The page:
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Drinking and breast cancer: Risk increases with even one drink, study finds

Breast cancer and alcohol
Report finds link between daily glass of alcohol and breast cancer 01:46

Drinking even a small amount of wine, beer or hard liquor every day raises the risk of breast cancer, a new study finds.

Over the years, women have gotten conflicting advice about drinking alcoholic beverages and breast cancer risk and it can be confusing, lead author Dr. Anne McTiernan told CBS News.

"There are a lot of different studies that often come up with different answers. People always say, 'This week I'm supposed to only drink one drink, last week it was two,'" said McTiernan, a cancer prevention expert at the Fred Hutchinson Cancer Research Center, in Seattle.

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To get a better understanding of the relationship between alcohol and breast cancer risk, McTiernan and colleagues performed a meta-analysis – they evaluated data from 10 previous studies involving pre-menopausal women and 22 studies involving post-menopausal women. They divvied up the data into those age groups because, McTiernan said, "Breast cancer is very different in the two groups." None of the studies included information on women who had a genetic risk for breast cancer.

Their analysis found strong evidence that drinking the equivalent of a small glass of wine or beer a day – less than one standard serving – increases the risk of pre-menopausal breast cancer by 5 percent. In post-menopausal women, breast cancer risk increased 9 percent with a small daily serving of alcohol.

The "small drink" was about 10 grams of alcohol, less than the amount in a standard drink, which is 14 grams (0.6 ounces) of alcohol, said McTiernan.

According to the U.S. Centers for Disease Control and Prevention, 0.6 ounces of alcohol is about the amount found in:

  • 12 ounces of beer (5% alcohol content).
  • 8 ounces of malt liquor (7% alcohol content).
  • 5 ounces of wine (12% alcohol content).
  • 1.5 ounces or one "shot" of 80-proof (40% alcohol content) distilled spirits or liquor (e.g., gin, rum, vodka, whiskey).

It didn't seem to matter which type of alcoholic beverage women imbibed.

"We tried looking separately at beer, wine and spirits, but none jumped out as being more or less problematic. They all showed the same trends," McTiernan said.

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One drawback of the study was that drinking habits were all self-reported by the participants.

The findings may leave some women wondering if they should avoid alcohol entirely, but McTiernan said, "We're not telling everybody to abstain. We're not saying anything other than small amounts do increase the risk for breast cancer."

McTiernan does recommend women who choose to drink alcohol consume no more than one drink on average once a day, in line with the federal government's dietary guidelines.

These findings are part of a larger report that looked at how diet, exercise and various other lifestyle factors affect the risk of developing breast cancer. In all, they analyzed 119 studies, including data on 12 million women and 260,000 cases of breast cancer, for the new report by the American Institute for Cancer Research and the World Cancer Research Fund.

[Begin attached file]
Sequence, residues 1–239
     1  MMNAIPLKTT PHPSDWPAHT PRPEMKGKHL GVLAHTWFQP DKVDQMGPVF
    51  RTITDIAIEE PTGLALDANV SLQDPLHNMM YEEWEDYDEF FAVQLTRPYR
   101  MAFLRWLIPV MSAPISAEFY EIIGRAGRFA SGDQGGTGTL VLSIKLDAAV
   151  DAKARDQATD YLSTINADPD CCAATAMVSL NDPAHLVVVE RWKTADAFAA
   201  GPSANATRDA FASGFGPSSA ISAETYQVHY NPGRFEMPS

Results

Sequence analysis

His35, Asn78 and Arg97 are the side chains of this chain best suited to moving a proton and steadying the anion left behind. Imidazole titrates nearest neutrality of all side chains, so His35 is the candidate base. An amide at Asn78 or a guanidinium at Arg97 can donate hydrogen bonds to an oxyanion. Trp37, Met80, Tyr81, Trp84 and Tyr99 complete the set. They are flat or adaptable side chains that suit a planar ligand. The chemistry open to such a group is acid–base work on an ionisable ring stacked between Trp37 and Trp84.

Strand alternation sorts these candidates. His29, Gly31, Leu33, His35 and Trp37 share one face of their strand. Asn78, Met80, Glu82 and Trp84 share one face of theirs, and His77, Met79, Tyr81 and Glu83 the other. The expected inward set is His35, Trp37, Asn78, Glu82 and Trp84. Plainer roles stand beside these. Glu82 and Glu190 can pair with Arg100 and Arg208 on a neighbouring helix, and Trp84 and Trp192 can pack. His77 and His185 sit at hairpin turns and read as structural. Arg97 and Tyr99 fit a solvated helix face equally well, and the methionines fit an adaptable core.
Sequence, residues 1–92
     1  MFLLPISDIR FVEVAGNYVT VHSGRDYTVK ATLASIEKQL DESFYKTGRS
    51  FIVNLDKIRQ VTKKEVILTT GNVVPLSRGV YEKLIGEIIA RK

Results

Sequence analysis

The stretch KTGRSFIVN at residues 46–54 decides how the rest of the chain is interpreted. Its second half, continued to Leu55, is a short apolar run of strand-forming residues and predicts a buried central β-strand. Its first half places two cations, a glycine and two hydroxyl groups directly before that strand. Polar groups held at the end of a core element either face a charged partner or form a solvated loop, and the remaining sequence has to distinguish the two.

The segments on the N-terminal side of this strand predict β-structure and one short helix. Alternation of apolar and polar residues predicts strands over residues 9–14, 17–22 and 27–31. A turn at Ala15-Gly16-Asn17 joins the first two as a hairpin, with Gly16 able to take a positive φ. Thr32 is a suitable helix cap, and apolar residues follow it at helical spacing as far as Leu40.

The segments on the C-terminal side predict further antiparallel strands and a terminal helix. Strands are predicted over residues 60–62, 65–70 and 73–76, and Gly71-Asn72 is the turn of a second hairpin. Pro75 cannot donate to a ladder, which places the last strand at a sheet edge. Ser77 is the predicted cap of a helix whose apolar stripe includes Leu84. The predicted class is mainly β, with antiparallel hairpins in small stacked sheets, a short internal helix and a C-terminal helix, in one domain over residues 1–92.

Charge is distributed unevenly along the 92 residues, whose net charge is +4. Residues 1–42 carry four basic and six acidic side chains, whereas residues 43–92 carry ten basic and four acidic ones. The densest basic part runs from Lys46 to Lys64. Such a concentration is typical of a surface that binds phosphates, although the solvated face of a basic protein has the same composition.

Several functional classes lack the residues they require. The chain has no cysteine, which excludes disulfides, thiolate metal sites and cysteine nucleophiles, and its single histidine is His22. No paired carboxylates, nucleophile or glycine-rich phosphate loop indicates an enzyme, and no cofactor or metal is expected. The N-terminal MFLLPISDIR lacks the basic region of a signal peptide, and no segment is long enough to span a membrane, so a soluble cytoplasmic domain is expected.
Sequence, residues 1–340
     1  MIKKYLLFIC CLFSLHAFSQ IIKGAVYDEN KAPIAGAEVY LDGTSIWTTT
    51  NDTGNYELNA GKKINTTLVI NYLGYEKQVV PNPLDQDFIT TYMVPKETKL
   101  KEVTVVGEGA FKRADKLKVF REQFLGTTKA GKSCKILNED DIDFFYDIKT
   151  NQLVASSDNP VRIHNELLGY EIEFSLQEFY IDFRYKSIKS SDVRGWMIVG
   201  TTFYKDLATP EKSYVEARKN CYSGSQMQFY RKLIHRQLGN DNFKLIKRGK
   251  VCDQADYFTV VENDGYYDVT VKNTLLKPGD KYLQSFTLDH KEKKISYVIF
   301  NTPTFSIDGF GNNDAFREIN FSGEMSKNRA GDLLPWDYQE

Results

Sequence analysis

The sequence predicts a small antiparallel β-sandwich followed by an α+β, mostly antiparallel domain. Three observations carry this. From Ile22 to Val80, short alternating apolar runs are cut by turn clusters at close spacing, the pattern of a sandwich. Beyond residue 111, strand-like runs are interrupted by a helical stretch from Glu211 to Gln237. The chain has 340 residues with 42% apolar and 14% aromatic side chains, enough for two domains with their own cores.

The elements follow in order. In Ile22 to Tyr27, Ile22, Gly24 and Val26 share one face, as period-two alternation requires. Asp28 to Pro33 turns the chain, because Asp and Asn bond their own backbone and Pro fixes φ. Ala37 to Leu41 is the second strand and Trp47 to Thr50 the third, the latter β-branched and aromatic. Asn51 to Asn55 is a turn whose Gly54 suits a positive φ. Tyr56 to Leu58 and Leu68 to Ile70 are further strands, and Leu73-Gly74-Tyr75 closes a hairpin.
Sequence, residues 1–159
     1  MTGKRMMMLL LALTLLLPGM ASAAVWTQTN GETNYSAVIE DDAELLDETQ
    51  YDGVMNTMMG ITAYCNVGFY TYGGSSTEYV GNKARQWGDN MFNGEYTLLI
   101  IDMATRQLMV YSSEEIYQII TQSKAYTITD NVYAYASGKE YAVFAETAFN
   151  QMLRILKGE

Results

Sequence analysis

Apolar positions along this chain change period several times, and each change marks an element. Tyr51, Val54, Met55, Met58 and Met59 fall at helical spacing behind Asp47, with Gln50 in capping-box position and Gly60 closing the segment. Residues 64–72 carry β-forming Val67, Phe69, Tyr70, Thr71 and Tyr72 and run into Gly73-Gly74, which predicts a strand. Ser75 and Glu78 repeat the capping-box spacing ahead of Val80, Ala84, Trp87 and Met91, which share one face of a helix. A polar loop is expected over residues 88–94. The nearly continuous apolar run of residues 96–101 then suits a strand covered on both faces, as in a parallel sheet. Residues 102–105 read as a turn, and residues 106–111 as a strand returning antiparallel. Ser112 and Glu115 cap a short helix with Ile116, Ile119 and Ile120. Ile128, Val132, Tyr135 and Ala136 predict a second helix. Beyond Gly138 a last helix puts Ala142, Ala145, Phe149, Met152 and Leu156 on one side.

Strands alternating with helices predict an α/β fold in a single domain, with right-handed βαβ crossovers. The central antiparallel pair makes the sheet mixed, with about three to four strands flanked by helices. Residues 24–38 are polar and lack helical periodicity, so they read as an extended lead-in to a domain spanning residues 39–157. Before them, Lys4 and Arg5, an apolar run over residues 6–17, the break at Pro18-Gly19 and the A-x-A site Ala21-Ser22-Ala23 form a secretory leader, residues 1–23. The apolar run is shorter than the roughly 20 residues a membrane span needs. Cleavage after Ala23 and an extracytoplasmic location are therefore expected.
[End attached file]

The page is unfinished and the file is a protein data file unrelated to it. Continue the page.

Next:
Other highlights of the report include:

  • When it comes to physical activity, pre-menopausal women who were the most active had a 17 percent lower risk of developing breast cancer; post-menopausal women who were active had a 10 percent lower risk compared to sedentary women.
  • Mothers who breastfeed are at lower risk for breast cancer.
  • Some evidence suggests eating non-starchy vegetables may be linked to a lower risk for estrogen-receptor (ER) negative breast cancers, a less common tumor.
  • Limited evidence links dairy, diets high in calcium, and foods containing carotenoids — such as carrots, apricots, spinach and kale — to a lower risk of some breast cancers.

"Even walking and gardening in the post-menopausal women was linked to a lower risk," said McTiernan, who noted that women should be getting at least 150 minutes of physical activity per week.

Breast cancer is the most common form of cancer in U.S. women (aside from skins cancers). More than 252,000 new cases are expected to occur this year.

American Institute for Cancer Research (AICR) stressed that while women can't control all of the factors linked to breast cancer risk, they can take steps to reduce their risk.

"Wherever you are with physical activity, try to nudge it up a bit, either a little longer or a little harder. Make simple food shifts to boost protection – substitute veggies like carrots, bell peppers or green salad for chips and crackers and if you drink alcohol, stick to a single drink or less," Alice Bender, AICR's Head of Nutrition Programs, said in a press release

Women can't start making healthy choices soon enough. McTiernan said younger women, teens and girls can practice healthy living habits now to help boost their odds against breast cancer in the future. 

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